Thanks, Greg. I understand what you mean about platinum. Sometimes in research there's a great discovery or breakthrough, but the materials make it too expensive commercially so altneratives must be found before the technology makes it to prime time. This time the cheaper alternative was one of the things that made the discovery significant.
Thanks for the informative article which shows this new breakthrough. I was especially encouraged by the use of an alternative material to platinum, which will should someday be more economical to produce.
The oxygen sponge seems like a great technology for use in fuel cells, Liz. With all of the new battery technologies you're writing about, let's hope one of them (maybe this), can eventually reach the market.
Many of the new designs in energy and storage sources are relying on the development and use of new or different materials than typically used in the past. This oxygen "sponge" is a fine example of where this type of innovation is going, particularly in battery chemistry, an area in which researchers are trying a number of different things to come up with stronger and better ways to store energy.
In his keynote address at the RAPID 2015 conference last week, Made In Space CTO Jason Dunn gave an update on how far his company and co-development partner NASA have come in their quest to bring 3D printing to the space station -- and beyond.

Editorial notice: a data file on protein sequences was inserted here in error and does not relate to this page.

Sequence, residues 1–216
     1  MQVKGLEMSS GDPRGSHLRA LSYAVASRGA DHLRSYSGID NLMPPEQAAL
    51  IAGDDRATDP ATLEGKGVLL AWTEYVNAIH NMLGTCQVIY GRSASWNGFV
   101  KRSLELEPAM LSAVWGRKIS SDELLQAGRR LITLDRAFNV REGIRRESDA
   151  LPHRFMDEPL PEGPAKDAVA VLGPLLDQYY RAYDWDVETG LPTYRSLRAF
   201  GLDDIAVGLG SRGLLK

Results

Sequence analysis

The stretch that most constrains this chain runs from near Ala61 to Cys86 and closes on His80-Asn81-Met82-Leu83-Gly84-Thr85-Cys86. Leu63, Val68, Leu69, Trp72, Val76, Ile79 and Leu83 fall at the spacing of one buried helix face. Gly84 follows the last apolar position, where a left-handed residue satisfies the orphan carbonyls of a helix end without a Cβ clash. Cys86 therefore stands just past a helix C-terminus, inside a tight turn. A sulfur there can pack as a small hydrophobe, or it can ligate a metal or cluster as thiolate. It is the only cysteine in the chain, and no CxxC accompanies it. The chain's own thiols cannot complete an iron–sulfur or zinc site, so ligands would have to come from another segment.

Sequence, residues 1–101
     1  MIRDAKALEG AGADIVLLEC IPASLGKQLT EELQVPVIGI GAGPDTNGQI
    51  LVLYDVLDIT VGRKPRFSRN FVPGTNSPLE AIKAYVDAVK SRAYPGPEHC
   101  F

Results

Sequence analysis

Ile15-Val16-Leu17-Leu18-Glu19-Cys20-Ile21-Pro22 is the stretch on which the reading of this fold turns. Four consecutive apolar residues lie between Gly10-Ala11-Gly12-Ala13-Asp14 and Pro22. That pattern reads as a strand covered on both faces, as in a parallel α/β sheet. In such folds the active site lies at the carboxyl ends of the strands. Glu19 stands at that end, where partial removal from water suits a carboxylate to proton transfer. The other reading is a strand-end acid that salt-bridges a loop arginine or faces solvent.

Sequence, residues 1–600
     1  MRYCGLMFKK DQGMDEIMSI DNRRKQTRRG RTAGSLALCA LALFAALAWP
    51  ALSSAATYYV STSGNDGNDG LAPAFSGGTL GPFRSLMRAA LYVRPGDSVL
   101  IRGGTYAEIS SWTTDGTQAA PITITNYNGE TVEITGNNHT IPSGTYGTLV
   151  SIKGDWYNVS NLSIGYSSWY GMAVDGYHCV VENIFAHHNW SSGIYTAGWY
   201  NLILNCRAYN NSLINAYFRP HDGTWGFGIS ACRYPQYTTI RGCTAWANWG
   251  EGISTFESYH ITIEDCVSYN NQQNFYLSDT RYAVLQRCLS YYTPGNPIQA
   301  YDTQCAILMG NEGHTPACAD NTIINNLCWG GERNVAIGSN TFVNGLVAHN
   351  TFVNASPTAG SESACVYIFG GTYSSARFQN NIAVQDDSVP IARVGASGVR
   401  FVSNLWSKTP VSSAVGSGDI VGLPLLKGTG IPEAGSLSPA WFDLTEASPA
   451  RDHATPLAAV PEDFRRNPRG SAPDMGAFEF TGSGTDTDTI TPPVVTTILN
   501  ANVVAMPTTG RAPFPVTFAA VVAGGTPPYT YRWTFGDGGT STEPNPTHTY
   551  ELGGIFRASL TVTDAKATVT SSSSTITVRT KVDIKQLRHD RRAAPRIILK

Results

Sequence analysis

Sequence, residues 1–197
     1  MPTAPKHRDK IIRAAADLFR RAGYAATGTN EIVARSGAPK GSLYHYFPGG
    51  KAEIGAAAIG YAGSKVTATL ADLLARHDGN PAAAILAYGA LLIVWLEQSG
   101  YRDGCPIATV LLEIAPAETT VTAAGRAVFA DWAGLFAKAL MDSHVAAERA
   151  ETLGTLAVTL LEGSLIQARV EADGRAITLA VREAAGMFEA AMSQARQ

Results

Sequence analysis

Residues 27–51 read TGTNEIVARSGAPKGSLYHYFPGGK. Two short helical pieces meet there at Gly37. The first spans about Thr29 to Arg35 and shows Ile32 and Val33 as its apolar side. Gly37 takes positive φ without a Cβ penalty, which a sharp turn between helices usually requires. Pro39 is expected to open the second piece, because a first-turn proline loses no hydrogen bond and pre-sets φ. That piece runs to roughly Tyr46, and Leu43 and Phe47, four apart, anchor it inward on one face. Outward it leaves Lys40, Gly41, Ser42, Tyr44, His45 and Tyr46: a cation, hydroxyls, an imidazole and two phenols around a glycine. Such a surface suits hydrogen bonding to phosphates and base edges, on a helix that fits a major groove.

On Memorial Day, Americans remember the sacrifices the US armed forces have made, and continue to make, in service to the country. All of us should also consider the developments in technological capabilities and equipment over the years that contribute to the success of our military operations.
Focus on Fundamentals consists of 45-minute on-line classes that cover a host of technologies. You learn without leaving the comfort of your desk. All classes are taught by subject-matter experts and all are archived. So if you can't attend live, attend at your convenience.